For the past few years the Alliance Team has invested in an exercise “My One Word” from a book by Mike Ashcroft & Rachel Olson. The two authors focus on the power and beauty in words, and how they help to create movement. Words help us to focus and expand our horizons, and place in our minds a world of possibilities. This year one of our staff chose the word “unravel”. The intersections of oppression, domestic violence and sexual assault requires a lot of unraveling. In our ASTA (Awareness, Sharing, Training, Action) bimonthly sessions we focused on “Unraveling Oppression”.
The funding provided to the Alliance dictates our workplans to educate, promote awareness and build capacity for our member organizations, and partners regarding domestic violence, sexual assault, dating violence and stalking. Discussions center on power and control. The Duluth Model of power and control provides the framework which includes tactics used by perpetrators to control victims. Feminists who work in areas of domestic violence and sexual assault believe the foundation of power and control stems from oppression. Oppression comes in many forms, with sexism being one of the most well-known form.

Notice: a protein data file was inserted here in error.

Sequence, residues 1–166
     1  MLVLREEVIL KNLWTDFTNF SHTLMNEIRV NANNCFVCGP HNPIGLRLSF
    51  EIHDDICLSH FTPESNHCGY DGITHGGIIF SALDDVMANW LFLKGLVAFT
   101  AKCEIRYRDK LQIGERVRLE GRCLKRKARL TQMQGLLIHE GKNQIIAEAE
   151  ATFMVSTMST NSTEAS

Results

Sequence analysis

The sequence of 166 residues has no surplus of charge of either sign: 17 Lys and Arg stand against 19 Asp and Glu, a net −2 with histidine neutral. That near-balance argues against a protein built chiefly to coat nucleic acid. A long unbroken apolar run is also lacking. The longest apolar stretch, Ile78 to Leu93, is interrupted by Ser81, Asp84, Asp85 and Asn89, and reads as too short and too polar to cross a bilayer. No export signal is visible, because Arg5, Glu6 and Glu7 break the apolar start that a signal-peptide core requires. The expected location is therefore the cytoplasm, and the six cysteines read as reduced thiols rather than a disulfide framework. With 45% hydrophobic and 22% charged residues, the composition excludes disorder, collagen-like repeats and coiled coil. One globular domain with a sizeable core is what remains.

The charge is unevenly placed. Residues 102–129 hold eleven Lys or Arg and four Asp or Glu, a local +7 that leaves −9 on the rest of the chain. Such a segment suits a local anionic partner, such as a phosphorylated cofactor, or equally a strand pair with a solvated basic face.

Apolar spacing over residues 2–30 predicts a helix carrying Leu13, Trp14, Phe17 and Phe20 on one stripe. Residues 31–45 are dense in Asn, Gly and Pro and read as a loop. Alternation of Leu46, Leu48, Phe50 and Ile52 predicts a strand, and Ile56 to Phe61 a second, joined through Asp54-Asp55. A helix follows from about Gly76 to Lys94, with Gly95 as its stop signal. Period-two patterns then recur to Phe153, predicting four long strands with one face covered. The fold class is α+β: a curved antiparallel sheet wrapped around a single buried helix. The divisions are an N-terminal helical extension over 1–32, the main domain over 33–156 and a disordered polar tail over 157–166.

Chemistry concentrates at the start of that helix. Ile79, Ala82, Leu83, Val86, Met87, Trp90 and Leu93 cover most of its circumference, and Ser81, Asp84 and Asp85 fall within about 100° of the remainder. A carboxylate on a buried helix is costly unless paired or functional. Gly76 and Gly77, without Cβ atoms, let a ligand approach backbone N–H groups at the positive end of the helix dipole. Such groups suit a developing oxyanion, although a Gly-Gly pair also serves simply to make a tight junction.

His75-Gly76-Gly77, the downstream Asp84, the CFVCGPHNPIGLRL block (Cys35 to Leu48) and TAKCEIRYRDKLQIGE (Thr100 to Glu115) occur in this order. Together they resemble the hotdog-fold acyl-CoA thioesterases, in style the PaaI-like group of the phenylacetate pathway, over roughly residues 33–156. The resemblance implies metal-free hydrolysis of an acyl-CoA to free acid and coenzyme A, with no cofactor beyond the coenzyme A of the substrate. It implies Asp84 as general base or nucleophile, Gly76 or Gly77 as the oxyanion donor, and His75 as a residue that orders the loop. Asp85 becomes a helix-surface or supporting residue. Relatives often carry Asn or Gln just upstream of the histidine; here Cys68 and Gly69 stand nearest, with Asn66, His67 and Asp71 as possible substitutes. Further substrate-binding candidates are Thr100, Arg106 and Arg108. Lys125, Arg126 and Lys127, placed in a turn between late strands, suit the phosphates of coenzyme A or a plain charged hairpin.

Sexism is a system of power in which men have power in society over women. For physical and sexual violence men will use their power to isolate victims. They will control who they see, where she goes, and limits any outside connections. Abusers will use intimidation, making the victim feel afraid through looks, actions, smashing things, or destroying her property. Male privilege, where the victim is made to feel like a servant, and he acts like the “master of the castle”. Abusers will define men’s and women’s roles to keep the victim under control.
The most prevalent and unnoticed cultural impact on the lives of women is the treatment they receive by society because they are female. In Samoa we have a patriarchal society, where men hold power in matai settings, church settings, and system of government. It is important that we understand how our cultural messages influence the lens in which we see the world. In our ASTA what we unraveled is our cultural foundations, the “Fa’aSamoa”, religion, and government, are tangled with the oppression, and violence.
There is much to be unraveled as we look to define our stories (i.e. where a woman is unable to take care of herself and requires a man to be sole provider, and authority in the home. In the coming months we will share our discussions on gender roles, and its intersections with violence. We invite you to learn from our sharing.